I guess it comes down to playing with emotion or not. Some players can, were otherís can not. I guess it is just another add to the complexity of this game. Some have to vent in any way available and others just close it up or forget it all together.

Just a thought.

Tom In Cincy
06-24-2009, 09:10 AM
One of the most difficult accomplishments for a pool player to achieve is the grasping of the meaning of the word 'Accept'

All too often the player will not 'accept' the results of their effort/execution at the table. There has to be something to blame beside their failure to execute the shot.

No player is in the position to judge their self. Judges do that. A player can only compare their self with past performance or with other players. Either way, two of the 3 results aren't 'acceptable'. The results are either 'not as good', 'about the same' or 'better'. Most of the time, 'better' is not the answer.

pooltchr
06-24-2009, 09:18 AM
I try to spend time talking about this subject with every student I work with. Excuses simply rob a player of the ability to improve. If you missed because the table is too fast, you are powerless to do anything about it. If you missed because you shot too hard, you can correct that. If you missed because the pockets are too small, you are a victim of the equipment. If you missed because you didn't aim accurately enough, you can fix that.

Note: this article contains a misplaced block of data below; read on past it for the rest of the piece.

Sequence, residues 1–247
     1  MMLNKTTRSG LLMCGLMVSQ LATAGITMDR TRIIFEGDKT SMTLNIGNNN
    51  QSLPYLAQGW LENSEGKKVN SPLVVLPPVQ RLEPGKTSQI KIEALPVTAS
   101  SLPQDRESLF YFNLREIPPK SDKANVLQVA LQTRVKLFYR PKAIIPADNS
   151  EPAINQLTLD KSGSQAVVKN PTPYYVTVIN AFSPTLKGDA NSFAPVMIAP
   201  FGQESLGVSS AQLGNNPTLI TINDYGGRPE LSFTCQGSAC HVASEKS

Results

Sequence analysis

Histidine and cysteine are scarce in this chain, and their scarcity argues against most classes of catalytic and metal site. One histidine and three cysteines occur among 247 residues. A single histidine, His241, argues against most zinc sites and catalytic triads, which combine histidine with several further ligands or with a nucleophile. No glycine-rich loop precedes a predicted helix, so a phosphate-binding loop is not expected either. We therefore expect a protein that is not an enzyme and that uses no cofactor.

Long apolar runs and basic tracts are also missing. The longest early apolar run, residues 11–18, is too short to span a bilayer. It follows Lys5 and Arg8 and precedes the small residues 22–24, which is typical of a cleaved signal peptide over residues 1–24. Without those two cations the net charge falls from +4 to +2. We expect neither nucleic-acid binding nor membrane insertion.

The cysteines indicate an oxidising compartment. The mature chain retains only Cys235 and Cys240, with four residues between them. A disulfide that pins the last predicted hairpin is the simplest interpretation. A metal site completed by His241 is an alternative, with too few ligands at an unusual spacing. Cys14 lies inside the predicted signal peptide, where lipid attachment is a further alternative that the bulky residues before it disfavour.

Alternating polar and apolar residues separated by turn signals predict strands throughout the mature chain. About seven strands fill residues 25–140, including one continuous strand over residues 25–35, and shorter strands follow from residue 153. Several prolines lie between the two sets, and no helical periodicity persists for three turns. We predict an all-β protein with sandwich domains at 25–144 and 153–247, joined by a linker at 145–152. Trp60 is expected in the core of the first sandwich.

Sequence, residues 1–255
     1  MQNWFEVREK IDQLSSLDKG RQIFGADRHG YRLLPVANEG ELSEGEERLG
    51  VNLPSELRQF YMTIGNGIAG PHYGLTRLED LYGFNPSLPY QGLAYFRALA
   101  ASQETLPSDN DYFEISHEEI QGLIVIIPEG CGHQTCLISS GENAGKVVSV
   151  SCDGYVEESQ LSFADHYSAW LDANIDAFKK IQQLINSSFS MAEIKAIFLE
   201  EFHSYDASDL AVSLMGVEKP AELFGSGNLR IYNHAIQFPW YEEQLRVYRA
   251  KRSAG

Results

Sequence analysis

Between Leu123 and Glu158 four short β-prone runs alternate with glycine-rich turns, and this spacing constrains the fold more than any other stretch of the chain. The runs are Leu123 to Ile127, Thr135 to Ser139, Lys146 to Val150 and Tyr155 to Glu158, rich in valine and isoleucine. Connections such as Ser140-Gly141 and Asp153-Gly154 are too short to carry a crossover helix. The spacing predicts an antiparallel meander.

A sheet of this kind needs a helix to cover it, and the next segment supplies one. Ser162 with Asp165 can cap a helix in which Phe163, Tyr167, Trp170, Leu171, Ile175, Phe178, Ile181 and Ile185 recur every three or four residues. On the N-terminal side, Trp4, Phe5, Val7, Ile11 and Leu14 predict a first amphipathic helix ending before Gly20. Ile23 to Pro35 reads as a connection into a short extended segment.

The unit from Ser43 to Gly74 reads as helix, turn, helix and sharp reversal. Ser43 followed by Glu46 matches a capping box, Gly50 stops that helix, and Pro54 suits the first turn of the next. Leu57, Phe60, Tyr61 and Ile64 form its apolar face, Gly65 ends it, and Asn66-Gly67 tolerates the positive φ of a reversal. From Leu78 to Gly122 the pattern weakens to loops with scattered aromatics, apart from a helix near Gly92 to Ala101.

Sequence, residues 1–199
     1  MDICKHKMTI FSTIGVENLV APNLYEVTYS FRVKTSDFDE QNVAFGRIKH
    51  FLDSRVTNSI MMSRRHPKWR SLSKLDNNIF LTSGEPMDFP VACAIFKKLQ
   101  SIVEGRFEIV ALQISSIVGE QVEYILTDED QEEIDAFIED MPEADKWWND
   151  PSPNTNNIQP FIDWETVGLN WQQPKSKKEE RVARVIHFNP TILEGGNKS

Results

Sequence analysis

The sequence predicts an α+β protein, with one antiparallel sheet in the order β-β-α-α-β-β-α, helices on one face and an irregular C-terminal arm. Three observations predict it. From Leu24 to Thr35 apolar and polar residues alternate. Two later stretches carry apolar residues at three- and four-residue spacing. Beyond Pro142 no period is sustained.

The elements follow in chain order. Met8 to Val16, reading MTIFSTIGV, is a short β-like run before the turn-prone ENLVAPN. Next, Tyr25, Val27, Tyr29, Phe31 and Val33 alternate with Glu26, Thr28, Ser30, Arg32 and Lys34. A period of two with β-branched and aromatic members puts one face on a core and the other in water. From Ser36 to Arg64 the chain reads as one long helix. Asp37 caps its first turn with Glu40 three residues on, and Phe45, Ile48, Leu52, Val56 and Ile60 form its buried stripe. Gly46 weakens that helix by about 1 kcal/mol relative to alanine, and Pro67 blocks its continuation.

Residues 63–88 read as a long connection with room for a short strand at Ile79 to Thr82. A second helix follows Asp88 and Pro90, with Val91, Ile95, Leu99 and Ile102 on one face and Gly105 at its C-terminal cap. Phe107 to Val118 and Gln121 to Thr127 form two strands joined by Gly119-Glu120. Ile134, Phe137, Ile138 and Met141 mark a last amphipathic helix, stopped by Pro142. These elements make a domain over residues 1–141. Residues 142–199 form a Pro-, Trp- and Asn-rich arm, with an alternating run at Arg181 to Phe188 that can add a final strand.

When you accept the fact that everything that happens during your turn is the result of something you did or didn't do properly, you are in total control. When an outside source caused you (in your mind) to miss, you become a helpless victim.

Accept total responsibility, and you gain total control.

Steve

androd
06-24-2009, 09:51 AM
It's called looking for an excuse to lose ! many good players do it.

Big Perm
06-24-2009, 10:32 AM
Whatever it is, it couldn't be me :eek: :D

Unfortunately, it's 99% me......every rare now and again I get a bad roll or something, but that is just part of the game....."the balls roll funny for everybody"